Perhaps the Gospel was written by some early Christian, not an apostle, whose name was Matthew, and about whom nothing else is known. Early Christian readers, hearing the Gospel ascribed to “Matthew,” would naturally associate it with the Apostle of that name, and so the ascribing of the work to the Apostle Matthew becomes common at an early date, by a perfectly natural misunderstanding.

Papias of Hierapolis, writing in the late first or early second century, says that Matthew compiled the sayings (Logia) of Jesus in Hebrew. Now the material common to Matthew and Luke, but not to Mark, includes sayings of Jesus but almost no narrative. It has therefore been conjectured that there was once a document (usually called Q), now lost, that is basically a collection of speeches by Jesus, and that Matthew (the evangelist) and Luke had access to it while Mark did not. It has been suggested that Matthew (the apostle) is the author of this document Q, which may well have been first written in Hebrew (or Aramaic).

The Scripture readings associated with the day bear the themes of Matthew as a Gospel-writer (hence readings that speak of the Scriptures), Matthew as an Apostle, and Matthew as a sinner called by God’s grace.

PRAYER (traditional language)

We thank thee, heavenly Father, for the witness of thine Apostle and evangelist Matthew to the Gospel of thy Son our Savior; and we pray that, after his example, we may with ready wills and hearts obey the calling of our Lord to follow him; through Jesus Christ our Lord, who liveth and reigneth with thee and the Holy Spirit, one God, now and for ever.

PRAYER (contemporary language)

We thank thee, heavenly Father, for the witness of your apostle And evangelist Matthew to the Gospel of your Son our Savior; and we pray that, after his example, we may with ready wills and hearts obey the calling of our Lord to follow him; through Jesus Christ our Lord, who lives and reigns with you and the Holy Spirit, one God, now and for ever.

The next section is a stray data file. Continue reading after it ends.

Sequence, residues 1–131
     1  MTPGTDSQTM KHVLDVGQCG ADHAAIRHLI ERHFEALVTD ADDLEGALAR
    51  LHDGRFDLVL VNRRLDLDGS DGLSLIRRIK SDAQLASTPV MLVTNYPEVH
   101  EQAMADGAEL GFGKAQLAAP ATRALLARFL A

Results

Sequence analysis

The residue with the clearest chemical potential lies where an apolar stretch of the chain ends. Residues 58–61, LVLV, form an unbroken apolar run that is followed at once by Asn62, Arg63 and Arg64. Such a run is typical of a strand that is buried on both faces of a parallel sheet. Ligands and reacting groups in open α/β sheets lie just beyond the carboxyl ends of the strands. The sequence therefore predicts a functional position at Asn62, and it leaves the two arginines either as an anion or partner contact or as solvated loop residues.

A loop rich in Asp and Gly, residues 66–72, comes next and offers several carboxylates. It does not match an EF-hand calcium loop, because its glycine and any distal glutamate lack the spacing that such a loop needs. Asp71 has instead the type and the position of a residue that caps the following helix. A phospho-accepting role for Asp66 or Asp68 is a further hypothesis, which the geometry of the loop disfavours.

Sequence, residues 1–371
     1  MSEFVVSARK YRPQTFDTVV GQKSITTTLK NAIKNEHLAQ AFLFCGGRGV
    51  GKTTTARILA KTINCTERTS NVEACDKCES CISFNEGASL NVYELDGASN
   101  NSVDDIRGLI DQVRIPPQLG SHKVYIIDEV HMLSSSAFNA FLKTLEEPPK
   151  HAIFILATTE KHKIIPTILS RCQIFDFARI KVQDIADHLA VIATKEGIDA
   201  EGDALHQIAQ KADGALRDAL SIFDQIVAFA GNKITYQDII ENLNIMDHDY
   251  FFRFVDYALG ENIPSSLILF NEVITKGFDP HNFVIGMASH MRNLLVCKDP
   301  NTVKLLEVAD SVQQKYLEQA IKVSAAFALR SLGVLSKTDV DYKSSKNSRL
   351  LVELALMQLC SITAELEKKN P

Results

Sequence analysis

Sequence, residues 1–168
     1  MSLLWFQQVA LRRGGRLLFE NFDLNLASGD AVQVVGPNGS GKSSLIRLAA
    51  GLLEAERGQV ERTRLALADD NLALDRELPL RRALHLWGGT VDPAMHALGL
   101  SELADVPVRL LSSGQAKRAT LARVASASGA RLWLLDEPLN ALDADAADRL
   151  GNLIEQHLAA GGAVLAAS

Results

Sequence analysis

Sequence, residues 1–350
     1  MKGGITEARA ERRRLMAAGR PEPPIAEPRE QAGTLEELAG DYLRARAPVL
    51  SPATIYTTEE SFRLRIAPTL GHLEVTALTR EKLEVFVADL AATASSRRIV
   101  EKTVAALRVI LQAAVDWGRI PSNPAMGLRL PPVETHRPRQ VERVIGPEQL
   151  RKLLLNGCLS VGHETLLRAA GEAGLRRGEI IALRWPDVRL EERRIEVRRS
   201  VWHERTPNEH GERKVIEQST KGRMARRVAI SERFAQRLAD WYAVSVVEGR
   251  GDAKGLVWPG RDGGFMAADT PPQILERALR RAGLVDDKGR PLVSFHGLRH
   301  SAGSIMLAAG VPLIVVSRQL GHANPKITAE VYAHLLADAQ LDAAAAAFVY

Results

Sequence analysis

Reading: Proverbs 3:1-6 (An admonition to youth to cherish the divine precepts)

 

Alternate Reading: Ezekiel 2:8–3:11 (God gives the prophet a scroll, a message for the people of Israel)

 

Psalm 119:33-40 or Psalm 19:2-5 (A stanza in praise of the Scriptures)

 

Epistle: 2 Timothy 3:14-17 (Paul commends the study of the Scriptures to Timothy)

 

Alternate Epistle: Ephesians 2:4-10 (Christ takes sinners and incorporates them into the company of the saints.)

 

Alternate Epistle: Ephesians 4:1-7,11-13 (United in the one Body of Christ, some Christians are called to be apostles, some prophets….)

 

The Holy Gospel: Matthew 9:9-13 (Jesus sees the tax-collector Matthew at his desk, and says, “Follow me.”)

 

from: justus.anglican.org

Saint Patrick – March 17

Patrick grew up on his father’s farm by the sea in either Wales, Ireland or Scotland.  In 404, at age 16, Patrick was kidnapped by pirates and sold to an islander where he herded sheep for 6 years before he escaped and returned home.

Patrick had a vision of evangelizing Ireland which still worshipped idols.  He went to the monks at Lerins Abbey and the school of bishops at Auxerre, both in France, from 415-432 and became a deacon, then a bishop.

The Romans had recently left Ireland and it was ruled by many kings, the heads of the clans.  They ruled absolutely over their lands and their people. Thus the people had the faith of their rulers.  Patrick’s story is one of converting these kings, one by one.

Patrick died about 461.  Many legends grew up around St. Patrick which expresses the extent to which the Irish venerate the man who made them Christian.

From:  Lives of the Saints by Omer Englebert

ST. VALENTINE, February 14

St.ValentneStories of two different saints named Valentine go back to the 200s.

The first Valentine was a Roman priest, arrested under Claudius the Goth.  Valentine openly confessed his Christian faith before the Emperor and when questioned about the Roman gods, Jupiter and Mercury said they were contemptible and shameless characters.  Valentine was committed to the care of a magistrate.  This man had a daughter who was blind.  Valentine cured her and converted the entire family.  When the Emperor heard this, he had Valentine decapitated.  In the 4th c. Pope Julius built a church in honor of this martyr